"If we are to achieve results never before accomplished, we must employ methods never before attempted." ~SIR FRANCIS BACON 1561-1626~

K-12 About Special Education

Special Education Students Make Dramatic, Unexpected Improvement in Reading

The reading abilities of special education students typically lag far behind those of students who are struggling in reading but who don’t qualify for special education services.

Historically, these special education students have made limited, if any, progress with every reading intervention made available to them. It doesn’t have to be that way.

Please take a look at the data below. This data confirms that special education students who participate in Read Right Reading Program make dramatic, unexpected progress in reading. The reading improvement of Special Education Students who have participated in Read Right is measurable. See for yourself!

Read Right Special Education Data

For each of the two data sets below the Gates-MacGinitie Reading Test (comprehension subset) was administered at entry into the program to special education students targeted to receive Read Right tutoring. The students were tested with a different form of the test when they exited the program. Results for students who had at least 20 hours of tutoring during the school year are presented below.

2016-2017 School Year Special Education Data from an Intermediate School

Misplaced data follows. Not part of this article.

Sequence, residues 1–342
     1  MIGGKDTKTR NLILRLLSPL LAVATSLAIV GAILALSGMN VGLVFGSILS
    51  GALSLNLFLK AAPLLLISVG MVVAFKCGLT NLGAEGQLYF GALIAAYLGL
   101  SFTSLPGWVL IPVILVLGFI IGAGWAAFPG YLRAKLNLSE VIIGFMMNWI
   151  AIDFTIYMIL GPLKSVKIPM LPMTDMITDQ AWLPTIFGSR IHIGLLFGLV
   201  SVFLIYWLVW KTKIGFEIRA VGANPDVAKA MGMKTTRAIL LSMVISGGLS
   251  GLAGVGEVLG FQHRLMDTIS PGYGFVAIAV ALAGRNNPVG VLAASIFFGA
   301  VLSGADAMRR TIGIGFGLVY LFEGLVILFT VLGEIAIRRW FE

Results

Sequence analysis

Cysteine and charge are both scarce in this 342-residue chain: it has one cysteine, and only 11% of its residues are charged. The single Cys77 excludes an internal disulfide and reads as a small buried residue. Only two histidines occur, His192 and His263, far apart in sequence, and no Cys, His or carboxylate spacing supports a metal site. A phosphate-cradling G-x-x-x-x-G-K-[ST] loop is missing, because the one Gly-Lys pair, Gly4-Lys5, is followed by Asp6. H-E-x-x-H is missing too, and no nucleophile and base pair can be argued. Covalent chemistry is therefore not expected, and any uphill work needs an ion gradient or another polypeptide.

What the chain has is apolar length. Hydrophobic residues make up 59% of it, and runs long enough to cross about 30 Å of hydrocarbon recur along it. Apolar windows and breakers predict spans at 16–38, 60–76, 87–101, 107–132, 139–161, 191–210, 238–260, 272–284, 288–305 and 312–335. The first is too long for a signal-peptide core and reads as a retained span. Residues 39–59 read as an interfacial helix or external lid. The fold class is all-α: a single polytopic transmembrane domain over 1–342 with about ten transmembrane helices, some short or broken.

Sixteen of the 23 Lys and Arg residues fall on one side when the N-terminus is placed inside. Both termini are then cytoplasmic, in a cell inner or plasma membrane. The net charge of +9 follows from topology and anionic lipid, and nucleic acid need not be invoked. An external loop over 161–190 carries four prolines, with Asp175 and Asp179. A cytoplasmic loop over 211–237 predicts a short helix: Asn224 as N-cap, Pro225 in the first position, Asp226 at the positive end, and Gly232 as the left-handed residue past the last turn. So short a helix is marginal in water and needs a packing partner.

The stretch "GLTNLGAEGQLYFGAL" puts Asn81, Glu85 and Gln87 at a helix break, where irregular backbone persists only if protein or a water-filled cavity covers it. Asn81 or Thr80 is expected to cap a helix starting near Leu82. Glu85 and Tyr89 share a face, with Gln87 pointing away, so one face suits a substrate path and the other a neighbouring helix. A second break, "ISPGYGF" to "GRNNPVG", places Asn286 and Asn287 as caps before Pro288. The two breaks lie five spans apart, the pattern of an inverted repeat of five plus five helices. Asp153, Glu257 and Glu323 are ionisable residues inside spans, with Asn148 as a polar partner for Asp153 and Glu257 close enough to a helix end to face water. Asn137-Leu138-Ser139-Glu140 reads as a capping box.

Mean Grade Equivalency (GE)

GE Gain 3.6

Average hours of Read Right tutoring:141

Average hours of tutoring per grade level gain: 39

Mean Normal Curve Equivalency (NCE)

NCE Gain 14.2

A mean NCE Gain Score of 0.0 means the students held their own in the norming population, neither falling further behind nor closing the achievement gap. Thus low gain scores are statistically meaningful.

Researchers generally regard NCE gain scores between 1.9 and 3.2 to be indicative of an effective program.

See Borman, G.D., Hewes, G.M., Overman, L.T. & Brown, S. (2003) Comprehensive School Reform and Achievement: A Meta-Analysis. Reviews of Educational Research, 73 (2), 125-230.

2016-2017 School Year Special Education Data from a 7-12 School

Mean Grade Equivalency (GE)

GE Gain 3.2

Average hours of Read Right tutoring:86

Average hours of tutoring per grade level gain: 27

Mean Normal Curve Equivalency (NCE)

NCE Gain 16.5

A mean NCE Gain Score of 0.0 means the students held their own in the norming population, neither falling further behind nor closing the achievement gap. Thus low gain scores are statistically meaningful.

Researchers generally regard NCE gain scores between 1.9 and 3.2 to be indicative of an effective program.

See Borman, G.D., Hewes, G.M., Overman, L.T. & Brown, S. (2003) Comprehensive School Reform and Achievement: A Meta-Analysis. Reviews of Educational Research, 73 (2), 125-230.

With results like these, school personnel responsible for special education programs naturally have great things to say about Read Right.

Read Right Case Studies: Special Education Students

Group data is a necessary component of due diligence when selecting intervention programs. However, the really important thing to know is the transformative effect the Read Right program has on participants and how that transformation changes their lives for the better.

The following case studies have been submitted from educators implementing the Read Right Intervention program with their special education students. (Student names have been changed to preserve their privacy.)

Case Study #1: An Autistic Elementary Student